What We Learned About City Heights Food Access
Teens with cell phone cameras fanned out to document our recent
event on food access in City Heights.
The evening’s cooks were so prolific that there was food to spare. At the end of our recent community event on food access in City Heights, Djoha Uwamwiza sent people home with leftovers.
It was an added perk. The evening event — a collaboration between voiceofsandiego.org, KPBS, the Media Arts Center and the AjA Project — featured great conversation with bright minds who have been working to improve access to nutritious food in City Heights.
There were women like Uwamwiza, who recently started a cooking group for Swahili-speaking refugees as a way to stave off loneliness and stay connected to the countries they left.
Though City Heights is a vibrant community full of refugees, Uwamwize found that Swahili-speaking women felt isolated living there. Cooking groups like hers have helped ease the transition and brought women together around food to talk about the challenges of raising a family in a new community.
Lisa Vandervort, a nutritionist who works with refugees to promote healthy eating, said her work with the AjA Project’s student photography project exposed her to new ways of thinking about food in immigrant communities. The project asked children to photograph culinary practices in their homes.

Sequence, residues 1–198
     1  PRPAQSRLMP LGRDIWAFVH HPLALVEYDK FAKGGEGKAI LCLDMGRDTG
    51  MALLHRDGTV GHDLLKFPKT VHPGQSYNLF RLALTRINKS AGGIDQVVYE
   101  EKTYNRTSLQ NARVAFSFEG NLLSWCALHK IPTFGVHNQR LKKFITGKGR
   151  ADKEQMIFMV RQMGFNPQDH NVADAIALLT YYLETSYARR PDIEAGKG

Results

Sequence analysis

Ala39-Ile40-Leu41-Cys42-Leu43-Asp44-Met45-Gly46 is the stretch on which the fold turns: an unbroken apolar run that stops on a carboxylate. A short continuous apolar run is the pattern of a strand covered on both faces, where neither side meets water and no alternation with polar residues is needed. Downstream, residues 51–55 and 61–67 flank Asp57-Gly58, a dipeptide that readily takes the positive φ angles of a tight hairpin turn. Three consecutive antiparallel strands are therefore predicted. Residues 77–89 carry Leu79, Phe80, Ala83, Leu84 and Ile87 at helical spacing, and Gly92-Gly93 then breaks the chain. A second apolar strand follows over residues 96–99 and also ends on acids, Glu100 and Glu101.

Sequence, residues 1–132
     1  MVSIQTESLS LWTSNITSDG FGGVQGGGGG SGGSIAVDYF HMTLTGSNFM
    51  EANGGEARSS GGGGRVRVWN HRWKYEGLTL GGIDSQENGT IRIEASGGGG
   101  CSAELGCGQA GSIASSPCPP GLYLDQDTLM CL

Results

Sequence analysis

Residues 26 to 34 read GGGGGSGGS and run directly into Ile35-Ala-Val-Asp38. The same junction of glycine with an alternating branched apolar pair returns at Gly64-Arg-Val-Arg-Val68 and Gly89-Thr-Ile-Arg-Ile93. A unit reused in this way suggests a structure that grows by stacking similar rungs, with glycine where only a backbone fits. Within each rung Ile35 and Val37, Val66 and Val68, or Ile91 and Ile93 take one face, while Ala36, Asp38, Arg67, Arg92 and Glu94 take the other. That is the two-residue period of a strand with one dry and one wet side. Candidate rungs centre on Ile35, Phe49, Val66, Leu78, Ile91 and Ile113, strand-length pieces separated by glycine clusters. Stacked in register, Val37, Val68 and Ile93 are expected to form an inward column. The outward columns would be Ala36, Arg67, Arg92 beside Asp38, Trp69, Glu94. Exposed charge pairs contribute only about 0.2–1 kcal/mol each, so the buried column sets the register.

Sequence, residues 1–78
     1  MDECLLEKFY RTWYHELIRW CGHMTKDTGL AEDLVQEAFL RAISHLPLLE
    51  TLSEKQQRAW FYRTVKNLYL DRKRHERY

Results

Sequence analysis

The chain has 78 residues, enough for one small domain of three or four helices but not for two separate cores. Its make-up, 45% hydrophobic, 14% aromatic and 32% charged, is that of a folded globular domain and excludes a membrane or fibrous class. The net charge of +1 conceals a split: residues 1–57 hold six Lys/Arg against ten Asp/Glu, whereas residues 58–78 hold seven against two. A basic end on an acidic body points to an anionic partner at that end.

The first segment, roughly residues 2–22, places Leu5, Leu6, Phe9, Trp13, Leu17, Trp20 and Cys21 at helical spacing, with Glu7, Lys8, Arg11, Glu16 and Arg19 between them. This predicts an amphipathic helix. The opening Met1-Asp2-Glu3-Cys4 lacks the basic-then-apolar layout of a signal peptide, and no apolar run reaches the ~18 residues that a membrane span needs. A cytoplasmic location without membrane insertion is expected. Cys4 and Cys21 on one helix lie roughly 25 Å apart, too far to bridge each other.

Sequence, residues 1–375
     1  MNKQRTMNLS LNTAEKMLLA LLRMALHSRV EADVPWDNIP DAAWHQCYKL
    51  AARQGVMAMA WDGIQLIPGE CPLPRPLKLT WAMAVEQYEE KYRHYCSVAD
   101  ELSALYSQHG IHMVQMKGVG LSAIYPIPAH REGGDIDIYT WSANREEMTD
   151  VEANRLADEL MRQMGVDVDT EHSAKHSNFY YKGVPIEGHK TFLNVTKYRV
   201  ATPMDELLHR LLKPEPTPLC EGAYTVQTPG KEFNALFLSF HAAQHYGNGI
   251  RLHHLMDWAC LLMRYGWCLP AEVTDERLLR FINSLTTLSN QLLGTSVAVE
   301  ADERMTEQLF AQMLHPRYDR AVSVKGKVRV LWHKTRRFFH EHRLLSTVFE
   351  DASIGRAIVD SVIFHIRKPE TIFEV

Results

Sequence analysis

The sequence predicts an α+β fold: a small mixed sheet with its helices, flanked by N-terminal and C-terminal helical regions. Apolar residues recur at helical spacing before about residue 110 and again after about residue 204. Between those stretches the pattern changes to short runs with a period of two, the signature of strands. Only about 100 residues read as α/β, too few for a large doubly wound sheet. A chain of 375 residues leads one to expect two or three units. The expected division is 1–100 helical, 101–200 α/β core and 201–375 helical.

It was Vandervort’s first opportunity to visit kitchens in City Heights, and the pictures she saw have made her more sensitive to the need for balancing western assumptions about healthy eating with traditional culinary practices from around the world.
Anchi Mei, from the San Diego office of the International Rescue Committee, and Diane Moss, from the nonprofit Project New Village, have been working through bureaucratic red tape to make it easier for residents of City Heights and southeastern San Diego to grow their own food on vacant land.
Both women have already improved access to community gardens and encouraged growers to sell at farmers markets. Mei’s next focus, she said, is figuring out how local agriculture can help create jobs.
If you missed the event, you missed out on an energetic and enlightening community discussion. But not to worry. KPBS producers recorded the event and we’ll make it available soon.
In the meantime, check out a couple of videos from some high school students in the Media Arts Center’s Mobile Stories program. They fanned out at the event to document the evening with cell phone cameras.
Here’s a quick overview of the evening:
And this one’s about one of the two cooking groups that were the real hit of the evening:
Adrian Florido is a reporter for voiceofsandiego.org. He covers San Diego’s neighborhoods. What should he write about next?
Contact him directly at email@example.com or at 619.325.0528.
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